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IBM Cloud resets ‘Days Since Last Major Incident’ clock to zero – after just five days

Sixth big outage in seven weeks, this time users were unable to access more than a dozen services

IBM’s Cloud is experiencing another severity-one issue, the rank it uses for incidents that see business-critical systems become unavailable.

“Users may experience connectivity issues when trying to access the listed cloud services” was the explanation offered when the incident kicked off at 1454 UTC on May 25. Resources in Washington DC, Osaka, London, Dallas, Sydney, Tokyo, and Frankfurt were all impacted.

Those cloud services were: App ID; Cloudant NoSQL DB; Code Engine; Continuous Delivery; Toolchain; DNS Services; Event Streams; Hyper Protect Crypto Services; Hyper Protect Virtual Server; Hyper Protect DBaaS; IBM Cloud Shell; IBM Watson Machine Learning; Mobile Foundation; and MQ in IBM Cloud. IBM’s most recent status update available at the time of writing, time-stamped 0241 UTC on May 26, said all but five services were back online.

All clouds have outages. Google had a biggie last weekend when it reported “multiple Google Cloud Products experienced elevated latencies and/or errors due to an issue with Access Control Lists (ACLs) intermittently for a duration of 10 hours and 42 minutes.”

But IBM has now had ten significant issues since April 3, by our count.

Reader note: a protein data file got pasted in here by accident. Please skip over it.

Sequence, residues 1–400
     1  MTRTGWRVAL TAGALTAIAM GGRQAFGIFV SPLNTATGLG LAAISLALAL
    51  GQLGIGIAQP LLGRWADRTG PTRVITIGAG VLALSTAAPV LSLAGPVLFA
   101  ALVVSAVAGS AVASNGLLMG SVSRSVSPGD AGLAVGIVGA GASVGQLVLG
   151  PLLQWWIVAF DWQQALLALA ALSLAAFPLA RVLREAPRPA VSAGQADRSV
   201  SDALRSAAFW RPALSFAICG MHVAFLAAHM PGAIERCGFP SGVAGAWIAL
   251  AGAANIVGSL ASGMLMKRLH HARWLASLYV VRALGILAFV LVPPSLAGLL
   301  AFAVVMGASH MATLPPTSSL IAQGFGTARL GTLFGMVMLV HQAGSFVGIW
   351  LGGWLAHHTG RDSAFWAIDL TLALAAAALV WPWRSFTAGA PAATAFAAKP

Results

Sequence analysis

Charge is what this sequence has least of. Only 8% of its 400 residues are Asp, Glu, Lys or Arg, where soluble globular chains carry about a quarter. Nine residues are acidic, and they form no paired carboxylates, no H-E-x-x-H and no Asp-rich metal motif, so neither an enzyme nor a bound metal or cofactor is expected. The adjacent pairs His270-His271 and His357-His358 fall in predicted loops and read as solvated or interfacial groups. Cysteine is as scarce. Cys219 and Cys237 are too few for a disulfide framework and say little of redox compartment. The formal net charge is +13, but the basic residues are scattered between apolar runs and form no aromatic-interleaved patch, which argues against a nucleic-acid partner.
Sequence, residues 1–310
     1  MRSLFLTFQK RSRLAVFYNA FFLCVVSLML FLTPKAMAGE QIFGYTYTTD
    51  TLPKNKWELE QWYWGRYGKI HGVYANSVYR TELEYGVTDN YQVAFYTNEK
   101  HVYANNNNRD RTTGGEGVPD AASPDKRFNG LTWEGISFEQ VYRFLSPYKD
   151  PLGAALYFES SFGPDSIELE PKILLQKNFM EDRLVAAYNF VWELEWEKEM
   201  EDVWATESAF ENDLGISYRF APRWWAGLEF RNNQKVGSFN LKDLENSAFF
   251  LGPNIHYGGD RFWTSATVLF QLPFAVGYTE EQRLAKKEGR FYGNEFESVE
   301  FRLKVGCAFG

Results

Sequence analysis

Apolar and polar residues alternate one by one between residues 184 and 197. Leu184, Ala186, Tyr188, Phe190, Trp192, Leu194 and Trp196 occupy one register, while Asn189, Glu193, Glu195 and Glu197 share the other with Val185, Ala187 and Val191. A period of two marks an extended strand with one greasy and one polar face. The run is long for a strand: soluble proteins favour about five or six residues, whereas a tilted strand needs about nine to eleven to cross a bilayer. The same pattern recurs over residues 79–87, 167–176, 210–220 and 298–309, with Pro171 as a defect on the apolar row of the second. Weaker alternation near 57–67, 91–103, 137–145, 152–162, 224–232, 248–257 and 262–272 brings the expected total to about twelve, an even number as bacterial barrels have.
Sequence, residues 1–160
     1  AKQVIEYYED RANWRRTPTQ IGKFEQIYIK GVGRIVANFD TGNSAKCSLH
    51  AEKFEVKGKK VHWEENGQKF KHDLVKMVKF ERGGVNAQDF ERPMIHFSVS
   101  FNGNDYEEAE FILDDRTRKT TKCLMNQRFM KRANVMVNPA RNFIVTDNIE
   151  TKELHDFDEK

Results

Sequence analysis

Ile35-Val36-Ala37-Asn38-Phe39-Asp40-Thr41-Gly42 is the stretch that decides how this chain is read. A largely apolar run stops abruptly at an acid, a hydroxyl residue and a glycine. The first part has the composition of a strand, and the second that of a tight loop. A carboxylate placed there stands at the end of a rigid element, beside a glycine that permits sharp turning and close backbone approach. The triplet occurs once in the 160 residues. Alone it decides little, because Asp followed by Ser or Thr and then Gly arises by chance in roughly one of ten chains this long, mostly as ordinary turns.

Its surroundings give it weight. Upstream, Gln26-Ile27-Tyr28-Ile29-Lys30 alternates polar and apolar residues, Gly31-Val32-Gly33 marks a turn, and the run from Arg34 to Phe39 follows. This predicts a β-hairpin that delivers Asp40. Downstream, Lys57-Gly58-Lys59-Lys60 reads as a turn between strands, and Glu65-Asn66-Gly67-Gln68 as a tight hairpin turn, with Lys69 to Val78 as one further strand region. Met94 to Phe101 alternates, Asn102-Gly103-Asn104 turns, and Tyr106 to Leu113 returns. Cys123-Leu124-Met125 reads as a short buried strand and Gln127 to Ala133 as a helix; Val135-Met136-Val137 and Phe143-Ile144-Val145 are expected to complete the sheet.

The Register has records of severity-one incidents on:

  • April 3
  • April 20 (when two unrelated issues coincided)
  • April 26
  • May 20
  • May 25

IBM’s cloud has also experienced four severity-two issues in the same span of time.

With IBM betting the business on hybrid cloud, the constant issues with its own cloud can hardly be helping its sales team to convince customers that Big Blue has what it takes to help their businesses advance.

The IT titan is still plugging away, however, yesterday announcing its intention to integrate Ansible Collections and z/OS.

Doing so “will drive resource and service automation for existing and new IBM z/OS applications and workloads from the Red Hat OpenShift Container Platform,” IBM says. By doing so, those workloads should be easier to operate in hybrid cloud environments. ®

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